In conversations about food with friends and strangers, one dead-end we often run into is whenever we mention whey. their eyes glaze over slightly and you can tell you've lost them, even though they may continue to listen politely. whey is a near-magical ingredient that can transform your ingredients into a nutritional bucket of gold. and, its easy to make. as a key ingredient in our mayonnaise, whey pickles, beet kvass, and the recommended method for soaking grains, we think everyone should know how to make it. all you need is a quart of plain organic yogurt, a strainer and some cheesecloth. you dump the yogurt into the cheesecloth and strainer and let it sit overnight- that's it! the watery stuff that drips out the bottom is the whey. the 'cream cheese' left in the strainer is a by-product of the process, and tastes awesome on some toast, crackers or in your scrambled eggs.
february 28, 2011... covelo
there are two basic methods of draining the whey out of yogurt. the first involves a strainer and cheese cloth, the second a coffee cone and filter. use what you have on hand. if you are like us and use up a fair amount of whey you’ll want to invest in a large mesh strainer and some unbleached cheesecloth (and a few large pyrex glass bowls).
2 cups organic yogurt
#6 coffee cone filter
1 unbleached or bamboo #6 coffee filter
jar -big enough for 2 cups of liquid
clean dish cloth
Put the filter in the cone and place both on top of the jar. put the yogurt in the filter and cover loosely with a cloth (keeping out debris). let it sit for around 24 hours while the whey drips into the jar. the end result is about a cup of strained yogurt and a cup of whey.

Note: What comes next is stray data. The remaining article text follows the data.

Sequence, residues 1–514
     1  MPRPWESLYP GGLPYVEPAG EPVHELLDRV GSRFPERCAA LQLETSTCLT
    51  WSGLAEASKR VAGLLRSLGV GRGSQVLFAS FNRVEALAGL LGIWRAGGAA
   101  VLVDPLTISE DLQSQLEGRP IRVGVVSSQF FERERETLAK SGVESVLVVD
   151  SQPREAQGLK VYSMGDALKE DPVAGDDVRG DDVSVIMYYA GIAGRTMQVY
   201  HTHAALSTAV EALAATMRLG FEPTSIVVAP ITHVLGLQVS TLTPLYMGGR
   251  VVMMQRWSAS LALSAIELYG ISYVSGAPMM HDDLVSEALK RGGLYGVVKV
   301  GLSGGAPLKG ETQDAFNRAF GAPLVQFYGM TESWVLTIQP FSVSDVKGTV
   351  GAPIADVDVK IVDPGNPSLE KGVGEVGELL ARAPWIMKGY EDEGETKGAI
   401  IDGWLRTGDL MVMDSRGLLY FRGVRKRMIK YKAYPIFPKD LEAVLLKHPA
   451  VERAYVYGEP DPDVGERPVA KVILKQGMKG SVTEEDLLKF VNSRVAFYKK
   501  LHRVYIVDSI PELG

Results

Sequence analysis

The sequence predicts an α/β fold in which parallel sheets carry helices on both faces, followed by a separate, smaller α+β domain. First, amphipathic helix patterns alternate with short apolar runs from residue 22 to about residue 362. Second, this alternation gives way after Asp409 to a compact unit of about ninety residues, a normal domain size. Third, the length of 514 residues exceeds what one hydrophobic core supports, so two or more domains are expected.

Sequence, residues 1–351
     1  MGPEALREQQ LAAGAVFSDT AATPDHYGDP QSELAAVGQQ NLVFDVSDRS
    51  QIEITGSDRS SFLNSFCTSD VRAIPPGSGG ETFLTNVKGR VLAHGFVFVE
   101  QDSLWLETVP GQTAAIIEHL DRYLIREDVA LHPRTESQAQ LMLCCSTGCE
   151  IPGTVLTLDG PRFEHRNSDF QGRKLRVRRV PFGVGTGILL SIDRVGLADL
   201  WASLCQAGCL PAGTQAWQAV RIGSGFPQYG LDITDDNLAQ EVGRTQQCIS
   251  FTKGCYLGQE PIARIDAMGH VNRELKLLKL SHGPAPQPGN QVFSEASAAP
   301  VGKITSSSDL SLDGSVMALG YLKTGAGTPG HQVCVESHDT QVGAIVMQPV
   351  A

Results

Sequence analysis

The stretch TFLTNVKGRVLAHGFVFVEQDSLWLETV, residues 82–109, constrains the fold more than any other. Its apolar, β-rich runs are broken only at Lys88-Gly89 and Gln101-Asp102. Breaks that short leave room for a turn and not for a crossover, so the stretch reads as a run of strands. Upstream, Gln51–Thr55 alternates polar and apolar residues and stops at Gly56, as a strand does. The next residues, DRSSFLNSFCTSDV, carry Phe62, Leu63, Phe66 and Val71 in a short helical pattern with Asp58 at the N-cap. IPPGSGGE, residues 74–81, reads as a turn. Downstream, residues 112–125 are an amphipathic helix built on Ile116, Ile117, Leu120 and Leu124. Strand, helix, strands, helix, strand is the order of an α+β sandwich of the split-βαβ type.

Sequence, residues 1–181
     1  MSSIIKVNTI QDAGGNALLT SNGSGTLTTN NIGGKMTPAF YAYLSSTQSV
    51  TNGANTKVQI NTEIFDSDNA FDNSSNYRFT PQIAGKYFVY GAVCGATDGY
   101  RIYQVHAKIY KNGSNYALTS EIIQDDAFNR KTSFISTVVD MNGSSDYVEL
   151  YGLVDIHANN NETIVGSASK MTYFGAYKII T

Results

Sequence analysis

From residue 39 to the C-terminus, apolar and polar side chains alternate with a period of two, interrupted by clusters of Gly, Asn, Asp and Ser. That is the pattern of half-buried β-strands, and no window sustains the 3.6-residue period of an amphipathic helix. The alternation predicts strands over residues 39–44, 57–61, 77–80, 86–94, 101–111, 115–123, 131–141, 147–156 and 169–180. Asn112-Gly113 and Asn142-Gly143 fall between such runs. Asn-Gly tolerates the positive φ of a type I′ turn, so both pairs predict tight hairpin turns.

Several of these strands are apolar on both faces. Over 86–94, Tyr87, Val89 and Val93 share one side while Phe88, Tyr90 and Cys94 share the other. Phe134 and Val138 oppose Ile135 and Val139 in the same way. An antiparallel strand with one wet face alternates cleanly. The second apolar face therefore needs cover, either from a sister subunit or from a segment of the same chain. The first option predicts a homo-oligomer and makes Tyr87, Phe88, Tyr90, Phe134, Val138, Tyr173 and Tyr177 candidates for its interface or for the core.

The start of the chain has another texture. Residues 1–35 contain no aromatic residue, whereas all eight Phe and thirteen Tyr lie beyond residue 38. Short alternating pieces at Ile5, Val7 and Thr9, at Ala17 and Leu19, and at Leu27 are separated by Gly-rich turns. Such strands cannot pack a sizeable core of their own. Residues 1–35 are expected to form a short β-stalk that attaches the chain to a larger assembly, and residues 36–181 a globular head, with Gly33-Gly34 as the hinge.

1 quart organic yogurt
large mesh strainer
wooden spoon, skewer
clean dish cloth
Line the strainer with cheesecloth (I double over my cloth) and place over a bowl (you’ll want space for the whey to drip into the bowl without touching the yogurt). pour in the yogurt and cover loosely with the cloth. if you begin this early in the evening it can sit overnight. in the morning or 8-12 hours later, carefully tie up the cheesecloth and attach to the spoon/skewer without squeezing the nearly solid yogurt. hang till the bag stops dripping. I fasten the skewer/cheesecloth onto my sink faucet and place the bowl underneath to continue to catch the whey, you can also accomplish this by using a pitcher.
Whey will keep refrigerated for up to six months and the strained yogurt (yogurt cheese or cream cheese) will keep about three weeks also refrigerated.
ideas for consuming
*add fresh chopped herbs (cilantro, oregano, parlsey, mint, whatever is handy)
to the yogurt cheese and enjoy as a spread on toasted sprouted bagels
*a dollop of the yogurt cheese and fresh ground pepps on top of soups, bean
dishes or steam kale is delicious and nutritious
*whey is great to add to soaking grains
*use whey to make homemade saurkraut
*after washing your face in the evening, use whey on a cotten ball as a toner for skin